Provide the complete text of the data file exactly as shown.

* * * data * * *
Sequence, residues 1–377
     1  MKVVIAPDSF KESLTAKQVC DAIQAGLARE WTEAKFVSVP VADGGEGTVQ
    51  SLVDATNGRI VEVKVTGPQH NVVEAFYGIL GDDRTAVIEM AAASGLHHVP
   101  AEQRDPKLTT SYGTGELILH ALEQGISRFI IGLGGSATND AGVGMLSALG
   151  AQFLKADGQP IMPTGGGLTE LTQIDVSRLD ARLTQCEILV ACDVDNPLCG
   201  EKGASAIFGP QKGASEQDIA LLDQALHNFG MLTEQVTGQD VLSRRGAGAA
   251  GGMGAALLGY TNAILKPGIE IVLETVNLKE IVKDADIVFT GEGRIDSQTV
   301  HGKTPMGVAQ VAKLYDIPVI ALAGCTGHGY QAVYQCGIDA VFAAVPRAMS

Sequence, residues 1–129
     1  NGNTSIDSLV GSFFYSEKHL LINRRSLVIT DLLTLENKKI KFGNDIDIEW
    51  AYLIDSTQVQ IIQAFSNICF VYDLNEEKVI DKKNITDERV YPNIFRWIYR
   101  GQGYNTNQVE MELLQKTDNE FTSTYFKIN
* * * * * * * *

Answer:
Sequence, residues 1–377
     1  MKVVIAPDSF KESLTAKQVC DAIQAGLARE WTEAKFVSVP VADGGEGTVQ
    51  SLVDATNGRI VEVKVTGPQH NVVEAFYGIL GDDRTAVIEM AAASGLHHVP
   101  AEQRDPKLTT SYGTGELILH ALEQGISRFI IGLGGSATND AGVGMLSALG
   151  AQFLKADGQP IMPTGGGLTE LTQIDVSRLD ARLTQCEILV ACDVDNPLCG
   201  EKGASAIFGP QKGASEQDIA LLDQALHNFG MLTEQVTGQD VLSRRGAGAA
   251  GGMGAALLGY TNAILKPGIE IVLETVNLKE IVKDADIVFT GEGRIDSQTV
   301  HGKTPMGVAQ VAKLYDIPVI ALAGCTGHGY QAVYQCGIDA VFAAVPRAMS

Sequence, residues 1–129
     1  NGNTSIDSLV GSFFYSEKHL LINRRSLVIT DLLTLENKKI KFGNDIDIEW
    51  AYLIDSTQVQ IIQAFSNICF VYDLNEEKVI DKKNITDERV YPNIFRWIYR
   101  GQGYNTNQVE MELLQKTDNE FTSTYFKIN